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dc.contributor.authorDougherty, R. G.
dc.date.accessioned2020-03-17T00:22:02Z
dc.date.available2020-03-17T00:22:02Z
dc.date.issued1972
dc.identifier.urihttps://hdl.handle.net/10182/11615
dc.description.abstractRuminants have developed the capacity to digest plant polysaccharides primarily through the activities of microbial symbionts that inhabit the reticulo-rumen, and to a lesser degree the caecum and colon. These micro organisms require the host animal to provide adequate nitrogen from feedstuffs to meet their requirements for maintenance and growth. In the rumen these nitrogenous compounds are normally degraded to form ultimately ammonia, the volatile fatty acids (acetic, butyric and propionic) and carbon dioxide. Some of these products are absorbed directly through the rumen wall and others are used for microbial growth. As long ago as 1891, Zuntz suggested that rumen micro organisms could synthesize protein from non protein nitrogen and this has been confirmed subsequently by many studies, most of which included urea as the source of non protein nitrogen, but by others involving biuret and ammonium sulphate also (Briggs 1967). In this thesis, the methods used for these studies are described, the results obtained are presented in full and are discussed in relation to previously published related work, and the possible contribution of formaldehyde treated proteins to increasing livestock production in New Zealand is examined.en
dc.format.extent101 pagesen
dc.language.isoenen
dc.publisherLincoln College, University of Canterburyen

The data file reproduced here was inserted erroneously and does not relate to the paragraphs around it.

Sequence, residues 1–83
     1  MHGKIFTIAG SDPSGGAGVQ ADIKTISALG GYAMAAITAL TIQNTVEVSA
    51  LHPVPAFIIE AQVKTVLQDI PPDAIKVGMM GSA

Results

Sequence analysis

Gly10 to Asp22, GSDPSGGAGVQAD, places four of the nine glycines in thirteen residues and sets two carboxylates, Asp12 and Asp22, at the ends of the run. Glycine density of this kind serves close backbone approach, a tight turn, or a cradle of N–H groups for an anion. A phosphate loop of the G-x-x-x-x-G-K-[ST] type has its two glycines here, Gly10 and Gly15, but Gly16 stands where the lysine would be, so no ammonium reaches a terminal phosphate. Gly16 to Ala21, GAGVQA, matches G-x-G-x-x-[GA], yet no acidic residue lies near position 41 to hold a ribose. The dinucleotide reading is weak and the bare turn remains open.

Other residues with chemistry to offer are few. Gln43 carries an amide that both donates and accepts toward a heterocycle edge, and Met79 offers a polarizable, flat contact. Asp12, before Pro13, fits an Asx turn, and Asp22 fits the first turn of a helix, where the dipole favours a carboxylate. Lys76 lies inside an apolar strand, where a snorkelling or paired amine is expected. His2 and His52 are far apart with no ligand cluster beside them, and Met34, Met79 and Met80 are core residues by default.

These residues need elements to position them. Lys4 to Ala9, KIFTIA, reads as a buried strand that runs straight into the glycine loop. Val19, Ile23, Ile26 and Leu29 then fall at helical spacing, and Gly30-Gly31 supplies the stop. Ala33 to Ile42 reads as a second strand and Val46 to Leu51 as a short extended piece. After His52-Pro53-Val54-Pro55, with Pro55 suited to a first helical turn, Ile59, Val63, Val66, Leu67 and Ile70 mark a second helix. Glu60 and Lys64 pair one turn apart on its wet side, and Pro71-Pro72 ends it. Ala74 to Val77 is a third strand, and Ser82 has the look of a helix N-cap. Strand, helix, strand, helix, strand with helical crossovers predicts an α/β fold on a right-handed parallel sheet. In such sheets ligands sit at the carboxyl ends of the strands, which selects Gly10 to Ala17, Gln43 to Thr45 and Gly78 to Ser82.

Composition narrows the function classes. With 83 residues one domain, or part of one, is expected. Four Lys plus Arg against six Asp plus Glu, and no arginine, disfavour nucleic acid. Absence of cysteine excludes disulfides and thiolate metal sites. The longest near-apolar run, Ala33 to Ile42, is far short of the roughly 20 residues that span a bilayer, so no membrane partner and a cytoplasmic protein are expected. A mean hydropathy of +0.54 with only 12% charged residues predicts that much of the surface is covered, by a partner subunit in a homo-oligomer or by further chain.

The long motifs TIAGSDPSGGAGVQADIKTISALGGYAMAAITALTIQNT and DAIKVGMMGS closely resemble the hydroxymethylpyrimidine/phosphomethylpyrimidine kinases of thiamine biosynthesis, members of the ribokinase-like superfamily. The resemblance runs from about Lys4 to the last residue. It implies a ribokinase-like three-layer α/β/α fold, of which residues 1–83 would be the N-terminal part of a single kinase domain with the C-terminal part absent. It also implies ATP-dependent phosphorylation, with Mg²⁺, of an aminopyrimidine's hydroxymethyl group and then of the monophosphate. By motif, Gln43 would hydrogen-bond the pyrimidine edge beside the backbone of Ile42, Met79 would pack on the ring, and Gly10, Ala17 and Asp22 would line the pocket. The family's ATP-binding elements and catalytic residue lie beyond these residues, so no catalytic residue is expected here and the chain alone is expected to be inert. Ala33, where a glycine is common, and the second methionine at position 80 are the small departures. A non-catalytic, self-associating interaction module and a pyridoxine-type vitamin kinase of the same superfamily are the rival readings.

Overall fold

dc.rights.urihttps://researcharchive.lincoln.ac.nz/page/rights
dc.subjectcaseinen
dc.subjectruminantsen
dc.subjectformaldehydeen
dc.subjectlactic caseinen
dc.titleAn in vitro evaluation of BDH casein, lactic casein and formaldehyde treated lactic casein as feeds for ruminants : a thesis submitted in partial fulfilment of the requirements for the degree of Master of Agricultural Science in the University of Canterbury [Lincoln College]en
dc.typeThesisen
thesis.degree.grantorUniversity of Canterburyen
thesis.degree.levelMastersen
thesis.degree.nameMaster of Agricultural Scienceen
lu.thesis.supervisorHoward, B. H.
lu.contributor.unitDepartment of Agricultural Sciencesen
dc.rights.accessRightsDigital thesis can be viewed by current staff and students of Lincoln University only. Print copy available for reading in Lincoln University Library.en
dc.subject.anzsrc07 Agricultural and Veterinary Sciencesen
dc.subject.anzsrc070202 Animal Growth and Developmenten
dc.subject.anzsrc070204 Animal Nutritionen


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